There are some great sci-fi/fantasy bloggers out there, fans who are devoting a lot of time and energy into supporting authors and their readers. Variety is the spice of life, as they say, and with the menagerie of unique and very different individuals out there contributing, it produces a whole that is better than its parts.
Last week, Unbound Worlds featured the First 50 Pages of Eat the Dark by Joe Schreiber. Logan Balestrino continued his Re-Read of Fellowship of the Ring. Matt Staggs tells readers to GET READY for Red Rising by Pierce Brown, as well as featured Eight Brain Monsters From Outer Space & Beyond! Mike Braff talks about Epic Fantasy Tropes. Eric Geller featured the newest Star Wars HoloNet Digest. And I posted the cover for The Darkling Child by Terry Brooks!
In other areas of the professional internet(s), Tor.com posted the trailer for Captain America: The Winter Soldier, Pyr Books posted news of Pyr-a-zine, and Orbit Books offers signed bookplates for Parasite by Mira Grant!
Here are some of the blogging highlights I found outside of Unbound Worlds week ending 10/26/13:
- Guest Blog: Unfettered by Shawn Speakman, posted by A Dribble of Ink
- Review: Emperor of Thorns by Mark Lawrence, read by A Fantasy Reader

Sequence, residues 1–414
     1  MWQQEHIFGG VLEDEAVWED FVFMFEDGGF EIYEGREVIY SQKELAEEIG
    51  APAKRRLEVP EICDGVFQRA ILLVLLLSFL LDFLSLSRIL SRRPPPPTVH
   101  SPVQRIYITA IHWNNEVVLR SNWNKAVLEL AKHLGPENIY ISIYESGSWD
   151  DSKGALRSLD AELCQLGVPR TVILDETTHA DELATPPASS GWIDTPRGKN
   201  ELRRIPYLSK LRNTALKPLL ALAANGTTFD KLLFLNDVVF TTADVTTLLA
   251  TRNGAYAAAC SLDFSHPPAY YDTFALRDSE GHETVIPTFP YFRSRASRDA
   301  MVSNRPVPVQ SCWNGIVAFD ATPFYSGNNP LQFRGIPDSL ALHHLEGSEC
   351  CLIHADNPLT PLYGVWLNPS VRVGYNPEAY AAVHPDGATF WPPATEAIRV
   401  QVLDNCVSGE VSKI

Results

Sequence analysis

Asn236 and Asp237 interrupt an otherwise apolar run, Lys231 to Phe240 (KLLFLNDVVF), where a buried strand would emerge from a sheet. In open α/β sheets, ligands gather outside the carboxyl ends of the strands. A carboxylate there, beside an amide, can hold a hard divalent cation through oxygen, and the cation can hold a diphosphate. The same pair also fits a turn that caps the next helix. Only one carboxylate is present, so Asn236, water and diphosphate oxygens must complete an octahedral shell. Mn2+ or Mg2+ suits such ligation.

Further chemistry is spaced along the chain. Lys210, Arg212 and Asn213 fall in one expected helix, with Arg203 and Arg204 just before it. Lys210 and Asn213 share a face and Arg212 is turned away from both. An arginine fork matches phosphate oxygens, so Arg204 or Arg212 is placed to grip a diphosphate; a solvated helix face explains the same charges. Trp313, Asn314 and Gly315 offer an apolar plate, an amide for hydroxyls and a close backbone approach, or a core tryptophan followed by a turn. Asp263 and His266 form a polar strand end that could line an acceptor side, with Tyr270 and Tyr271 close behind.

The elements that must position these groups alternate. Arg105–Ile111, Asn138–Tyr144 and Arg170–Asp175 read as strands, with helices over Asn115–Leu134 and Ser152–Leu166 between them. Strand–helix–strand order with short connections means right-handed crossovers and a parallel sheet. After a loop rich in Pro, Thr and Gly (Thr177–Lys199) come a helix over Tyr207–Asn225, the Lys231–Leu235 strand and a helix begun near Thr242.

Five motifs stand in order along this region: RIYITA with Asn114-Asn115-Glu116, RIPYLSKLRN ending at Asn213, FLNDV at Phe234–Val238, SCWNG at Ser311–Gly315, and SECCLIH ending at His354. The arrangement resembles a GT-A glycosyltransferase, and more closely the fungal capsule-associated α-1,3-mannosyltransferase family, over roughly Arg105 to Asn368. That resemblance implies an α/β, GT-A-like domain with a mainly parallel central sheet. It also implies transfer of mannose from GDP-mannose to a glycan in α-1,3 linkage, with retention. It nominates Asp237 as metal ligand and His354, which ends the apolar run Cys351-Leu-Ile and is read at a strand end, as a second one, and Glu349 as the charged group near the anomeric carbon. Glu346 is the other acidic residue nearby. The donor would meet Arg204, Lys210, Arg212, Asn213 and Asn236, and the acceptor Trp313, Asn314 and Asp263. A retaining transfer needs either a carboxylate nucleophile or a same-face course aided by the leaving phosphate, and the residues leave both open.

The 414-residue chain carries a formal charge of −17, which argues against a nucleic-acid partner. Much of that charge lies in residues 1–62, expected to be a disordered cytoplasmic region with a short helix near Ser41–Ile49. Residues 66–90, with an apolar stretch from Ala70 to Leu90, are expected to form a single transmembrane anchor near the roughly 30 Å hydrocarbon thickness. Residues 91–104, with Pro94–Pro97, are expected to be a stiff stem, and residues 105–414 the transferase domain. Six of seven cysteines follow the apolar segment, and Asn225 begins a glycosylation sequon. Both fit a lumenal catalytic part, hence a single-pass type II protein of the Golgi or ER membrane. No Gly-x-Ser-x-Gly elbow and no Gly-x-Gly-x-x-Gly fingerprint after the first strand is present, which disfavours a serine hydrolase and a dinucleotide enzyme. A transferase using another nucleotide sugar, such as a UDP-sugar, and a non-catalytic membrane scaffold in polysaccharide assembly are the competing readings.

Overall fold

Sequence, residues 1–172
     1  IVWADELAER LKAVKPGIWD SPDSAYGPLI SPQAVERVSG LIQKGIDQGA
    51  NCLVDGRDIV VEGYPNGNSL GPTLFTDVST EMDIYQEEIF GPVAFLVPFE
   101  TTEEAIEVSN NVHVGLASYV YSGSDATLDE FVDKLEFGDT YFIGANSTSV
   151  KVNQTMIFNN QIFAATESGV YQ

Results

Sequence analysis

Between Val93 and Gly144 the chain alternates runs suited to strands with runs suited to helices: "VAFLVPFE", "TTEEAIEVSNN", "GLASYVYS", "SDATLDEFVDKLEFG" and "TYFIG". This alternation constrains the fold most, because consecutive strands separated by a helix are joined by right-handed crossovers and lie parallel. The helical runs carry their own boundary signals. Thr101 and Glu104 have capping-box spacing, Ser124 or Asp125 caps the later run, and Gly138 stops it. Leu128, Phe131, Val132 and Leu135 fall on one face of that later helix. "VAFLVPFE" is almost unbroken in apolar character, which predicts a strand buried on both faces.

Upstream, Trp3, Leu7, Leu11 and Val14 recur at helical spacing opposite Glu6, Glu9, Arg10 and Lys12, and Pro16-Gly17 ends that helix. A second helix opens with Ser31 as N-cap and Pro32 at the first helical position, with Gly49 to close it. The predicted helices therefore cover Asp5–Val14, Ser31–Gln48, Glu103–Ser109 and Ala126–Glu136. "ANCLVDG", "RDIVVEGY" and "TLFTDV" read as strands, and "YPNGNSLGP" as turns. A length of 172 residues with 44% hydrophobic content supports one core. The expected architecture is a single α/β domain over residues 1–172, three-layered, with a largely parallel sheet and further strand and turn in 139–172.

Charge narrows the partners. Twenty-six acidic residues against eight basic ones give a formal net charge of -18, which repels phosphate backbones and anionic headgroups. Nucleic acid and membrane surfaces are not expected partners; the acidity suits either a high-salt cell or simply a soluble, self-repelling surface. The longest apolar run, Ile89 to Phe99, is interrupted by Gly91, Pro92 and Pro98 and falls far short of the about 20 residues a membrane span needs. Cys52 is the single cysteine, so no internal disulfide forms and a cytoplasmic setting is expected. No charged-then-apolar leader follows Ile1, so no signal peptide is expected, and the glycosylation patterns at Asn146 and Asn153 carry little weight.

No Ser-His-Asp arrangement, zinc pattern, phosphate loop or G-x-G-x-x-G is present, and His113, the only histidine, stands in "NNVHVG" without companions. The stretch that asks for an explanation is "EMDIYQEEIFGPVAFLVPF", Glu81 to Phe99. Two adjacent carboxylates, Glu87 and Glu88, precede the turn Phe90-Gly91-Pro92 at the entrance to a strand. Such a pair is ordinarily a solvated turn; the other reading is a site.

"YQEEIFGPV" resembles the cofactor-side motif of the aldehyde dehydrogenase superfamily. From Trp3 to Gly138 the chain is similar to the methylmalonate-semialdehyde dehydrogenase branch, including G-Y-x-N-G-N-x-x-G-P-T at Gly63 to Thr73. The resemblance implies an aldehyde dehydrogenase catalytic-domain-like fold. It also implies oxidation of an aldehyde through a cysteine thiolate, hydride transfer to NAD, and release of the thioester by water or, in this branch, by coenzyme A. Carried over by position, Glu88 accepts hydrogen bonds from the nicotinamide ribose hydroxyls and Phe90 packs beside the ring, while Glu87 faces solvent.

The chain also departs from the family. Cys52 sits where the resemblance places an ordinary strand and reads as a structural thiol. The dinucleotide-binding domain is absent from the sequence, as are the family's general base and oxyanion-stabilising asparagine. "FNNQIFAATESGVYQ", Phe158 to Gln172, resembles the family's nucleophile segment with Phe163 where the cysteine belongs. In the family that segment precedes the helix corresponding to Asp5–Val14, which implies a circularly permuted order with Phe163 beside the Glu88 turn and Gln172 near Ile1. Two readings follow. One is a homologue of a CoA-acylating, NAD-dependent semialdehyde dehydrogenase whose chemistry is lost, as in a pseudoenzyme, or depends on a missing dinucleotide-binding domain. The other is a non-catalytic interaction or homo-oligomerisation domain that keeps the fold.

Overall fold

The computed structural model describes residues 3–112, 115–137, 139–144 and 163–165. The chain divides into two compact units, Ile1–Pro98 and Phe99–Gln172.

- Giveaway: Leatherbound Eragon by Christopher Paolini, given by Fantasy Book Critic
- Review: Jonathan Strange & Mr. Norrell by Susanna Clarke, read by Fantasy Literature
- Review: The Ocean at the End of the Lane by Neil Gaiman, read by Pat’s Fantasy Hotlist
- Review: Blackout by Robison Wells, read by Sci-Fi Chick
- Interview: Mountain Man by Keith C. Blackmore, posted by SF Signal
- Comment: Orbit UK Buys Unfettered, posted by Wertzone
I highly recommend all Unbound Worlds readers to visit these fine examples of sci-fi / fantasy blog work! Get involved, post your thoughts, and enjoy what else is out there!
And feel free to talk about it or anything else on our Forum here!
Till next week…
Shawn Speakman is the author of The Dark Thorn, an urban/epic fantasy hybrid novel bestselling author Terry Brooks calls, “a fine tale by a talented writer.”